Chris Paik is a name to know in the
NYC tech world—a partner at Thrive Capital, he’s been hugely influential in
shaping the startup scene here in the city, an integral part in the VC firm’s
extensive portfolio*. He’s a Harvard grad and frequenter of articles in the “20
Under 25” vein, and we always suspected Paik would have interesting things to
say about art and technology. Fortunately he gave us the opportunity to pick
his brain. [*DISCLAIMER: which includes Artsy.]
Artsy: Can you give us a
Chris Paik: Bay Area born and
raised. Fell in love with New York City. Technology runs in my blood. Top 1%
Artsy: You’ve achieved a lot
already at a very young age. Are there any secrets to your success?
CP: I think our generation was
raised to be very risk-averse. Everyone asks you when you’re young, “what do
you want to be when you grow up?”, like you’re supposed to know, like you’re
supposed to have this master plan and these steps that you’re going to follow.
I think if there’s one thing that I’ve told my friends and everyone that I’ve
interacted with and potentially given advice to, it’s “follow your heart; do
what you want to do; things are going to work out.” As long as you can scrape
together stuff, do what you love, because in the same amount of time doing
something you love doing, you’ll travel way farther in your career than doing
something that you even feel okay about. That makes a big difference—you can
always change careers, move horizontally on the ladder. I think people don’t
understand the opportunity cost of time, especially when you’re young, so you
need to do what you’re passionate about.
Artsy: Either at Thrive or
outside of it, are there any projects that you’re working on right now that
you’re particularly excited about?
CP: Pretty much everything
that I do revolves around Thrive and our portfolio. Although I am adopting a
dog for a week next week! I’ve always wanted a pet and never had one.
Artsy: Do you have favorite
people to follow on social media?
CP: My friends are my favorite
people that I follow. I’m not super interested in celebrities—I think social
media is a great channel to stay in touch with your friends.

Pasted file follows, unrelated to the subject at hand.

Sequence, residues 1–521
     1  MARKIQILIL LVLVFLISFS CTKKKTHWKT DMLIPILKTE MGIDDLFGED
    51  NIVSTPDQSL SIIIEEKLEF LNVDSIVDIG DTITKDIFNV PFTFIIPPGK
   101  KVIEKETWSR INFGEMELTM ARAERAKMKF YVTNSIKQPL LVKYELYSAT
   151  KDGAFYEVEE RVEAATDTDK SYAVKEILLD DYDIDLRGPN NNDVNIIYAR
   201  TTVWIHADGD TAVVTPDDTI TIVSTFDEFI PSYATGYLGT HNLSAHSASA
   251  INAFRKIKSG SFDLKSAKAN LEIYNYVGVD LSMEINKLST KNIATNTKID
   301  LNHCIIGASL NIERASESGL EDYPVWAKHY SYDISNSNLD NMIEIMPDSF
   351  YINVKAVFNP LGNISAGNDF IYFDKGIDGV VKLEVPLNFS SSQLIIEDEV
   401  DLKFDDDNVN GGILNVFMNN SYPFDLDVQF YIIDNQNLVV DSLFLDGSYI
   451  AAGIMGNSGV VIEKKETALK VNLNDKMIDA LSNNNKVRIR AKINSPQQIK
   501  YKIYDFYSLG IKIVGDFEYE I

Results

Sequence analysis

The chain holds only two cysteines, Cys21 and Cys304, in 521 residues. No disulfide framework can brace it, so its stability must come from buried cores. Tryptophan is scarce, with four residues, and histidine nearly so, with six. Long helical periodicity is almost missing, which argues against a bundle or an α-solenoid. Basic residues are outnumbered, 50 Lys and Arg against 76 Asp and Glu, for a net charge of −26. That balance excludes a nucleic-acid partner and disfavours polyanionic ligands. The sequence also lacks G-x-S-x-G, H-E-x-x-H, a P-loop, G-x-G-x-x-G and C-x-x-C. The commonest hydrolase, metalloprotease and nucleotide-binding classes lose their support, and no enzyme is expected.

Artsy: Do you have favorite
CP: I spend a lot of time on
reddit and HackerNews. Probably way too much time. Those two outlets are where
I consume most of my news.
Artsy: What kind of art do you
find yourself drawn to?
CP: It’s a few things. I like
really physical art, like sculptures and installations; lighting and furniture
are also a really beautiful type of art. I also like conceptual art, art that’s
driven very strongly by an underlying philosophy.
Artsy: Who are some of your
CP: I really like
then, not contemporary, but I think my favorite pseudo-classical artist is
Artsy: Do you own any art?
CP: I do! As of recently. My
girlfriend got me a number of Sol LeWitt prints, and I still need to get them
framed. They’re beautiful. I’m really excited to have actual art.
Artsy: Do you have a favorite
CP: I don’t know whether it’s
just because I went recently, but probably DIA: Beacon. They have an incredible
representation of some of my favorite artists. Really really awesome. But
actually, now that I think about it, my favorite museum might be the Walker Art
Museum. It’s like this oasis of art in the middle of the country, and the
curation is just so thoughtful; their sculpture garden is really well curated
as well—it might be better than their collection.
Artsy: What do you think the
role of technology in the art world is?
CP: I think the role of
technology is to make art more accessible. I know that’s a total tee-up for
Artsy, but I think that technology fundamentally reduces friction for people to
connect, and allows greater opportunity for a larger percentage of people.
Making art more accessible is huge—the way that I learned about art was by
taking elective classes, and I would have loved some sort of resource where I
could just get lost, and spiral out into a movement—it’s like the same sort of
effect you get on Wikipedia. The transactional, market element of art aside, I
think the most interesting intersection of the two is making the discovery and
learning more accessible.
Artsy: We think a lot about
design, too, here at Artsy. Are there any designers that you especially like?
CP: I’m very fond of furniture
designers, because I think it’s the highest form of functional art. So the
pretty much all of the designers that DWR [Design Within Reach] has
appropriated. In a parallel life, I would have loved to start a design house.
In terms of fashion designers, I think Hedi Slimane is the man; I think he’s
revolutionized menswear. I also really like Margiela—that sort of
tongue-in-cheek essence of his line.
Artsy: What to you is the key
to good design?